Anambra state’s budget for 2018 is N170.9bn, her total revenue for 2017 was N58.7bn. In two years, (2016 and 2017), the state only managed an IGR of N32.6bn, a complete deficit budget which the state has no capacity to implement except by increasing her debt burden. Benue’s 2017 budget is also not different from that of the other states in terms of its deficit character. The state’s total revenue for 2017 was N52.2bn, hence one can begin to make projections as to the extent she would be able to implement her N190.03bn 2018 budget, especially in the context of a total IGR of N21.96bn generated in two years (2016 and 2017).
Ekiti with one of the lowest budget in 2018, has a budget of N98.6bn, in 2017, the state’s total revenue was N30.6bn. Ekiti’s IGR in 2017 was N4.97bn which was a slight improvement from the N2.991bn generated in 2016. Ekiti’s domestic and external debt profile in 2017 stand at $78m and N117.495bn respectively, which is bound to increase if the state is serious about implementing her budget.
Borno, one of the three Northeast states whose economy has been severely hampered by insurgency managed to post an IGR of N4.98bn in 2017 and N2.68bn in 2016. Borno’s total revenue in 2017 was N51.52bn. The state’s internal and external debt profile in 2017 stands at $22.59m & N54.042bn respectively, Borno’s 2018 budget is N181.3bn. So also Yobe state which is also plagued by insurgency, posting an IGR OF N3.598bn in 2017, and N3.240bn in 2016. Yobe’s 2018 budget stands at N92bn. In 2017, the state’s total revenue was N34.476bn. The state’s external and domestic debt profile in 2017 is $29.56m & N26.47bn respectively.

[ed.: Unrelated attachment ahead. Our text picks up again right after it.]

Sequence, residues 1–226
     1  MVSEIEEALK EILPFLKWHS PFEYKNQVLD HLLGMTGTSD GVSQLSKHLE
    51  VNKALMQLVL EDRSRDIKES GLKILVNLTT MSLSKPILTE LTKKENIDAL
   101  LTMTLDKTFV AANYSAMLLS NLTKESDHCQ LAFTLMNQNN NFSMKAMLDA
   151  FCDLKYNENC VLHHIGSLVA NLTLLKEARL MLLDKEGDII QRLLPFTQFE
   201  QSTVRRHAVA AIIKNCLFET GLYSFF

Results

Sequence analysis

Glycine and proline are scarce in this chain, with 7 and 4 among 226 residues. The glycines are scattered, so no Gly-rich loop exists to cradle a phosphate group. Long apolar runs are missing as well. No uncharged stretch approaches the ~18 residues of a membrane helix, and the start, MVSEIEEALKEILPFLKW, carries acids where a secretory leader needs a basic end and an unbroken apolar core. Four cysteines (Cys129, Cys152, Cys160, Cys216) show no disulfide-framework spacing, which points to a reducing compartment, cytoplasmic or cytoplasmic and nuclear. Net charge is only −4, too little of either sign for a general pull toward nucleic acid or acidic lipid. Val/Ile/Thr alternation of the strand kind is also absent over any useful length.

Adamawa’s 2018 budget on the other hand is N177.9bn, the state’s total revenue in 2017 was N43.64bn. Her debt profile in 2017 both external and domestic stands at $94.57m & N69.61bn respectively. Adamawa’s IGR in 2017 was N6.2bn and N5.79bn in 2016.
Most of these states cannot survive without federal allocation, their total internally generated revenue is meagre when compared to the amount they receive as allocation, apart from the allocation they receive, most of the states are still been subsidized by the federal government so as to keep the machinery of government going, a lot of them are owing salaries, states like Kogi, Osun and even Ekiti are example of such states. And even after receiving considerable amount in Paris Cub Refund on two occasions, they are still unable to offset their deficit.
Osun state proposed 2018 budget is N176bn, her total revenue in 2017 was N22.17bn, the state’s IGR in 2017 was N11.73bn which was a slight increase from N8.88bn recorded in 2016. Osun’s external and domestic debt in 2017 stands at $96.6m and N138.24bn respectively. And when it comes to infrastructural development, Osun has not fared better especially in areas that are outside the state capital.
Only very few states have the capacity to implement their budget to a considerable extent, most carryover projects in their budget to the next year, while some abandon some items in their budget due to paucity of funds. States like Cross River, Akwa Ibom, Ogun and even Oyo with large budget for the year do not exactly have the capacity to implement their budget. Budget in most states of the federation are nothing but PR fanfare aimed at portraying the government to be working. Already most of the states are highly indebted and their income in the next ten years might not be able to offset these loans.
Total Revenue Available to States in 2017 (FAAC and IGR) source: NBS
|13||Ebonyi||N208bn||Yet to be Passed||N40,593,793,106.20|
|19||Osun||N176.4bn||Yet to be passed||N22,167,815,516.17|
|22||Bauchi||N167.9bn||Yet to be passed||N43,884,590,631.65|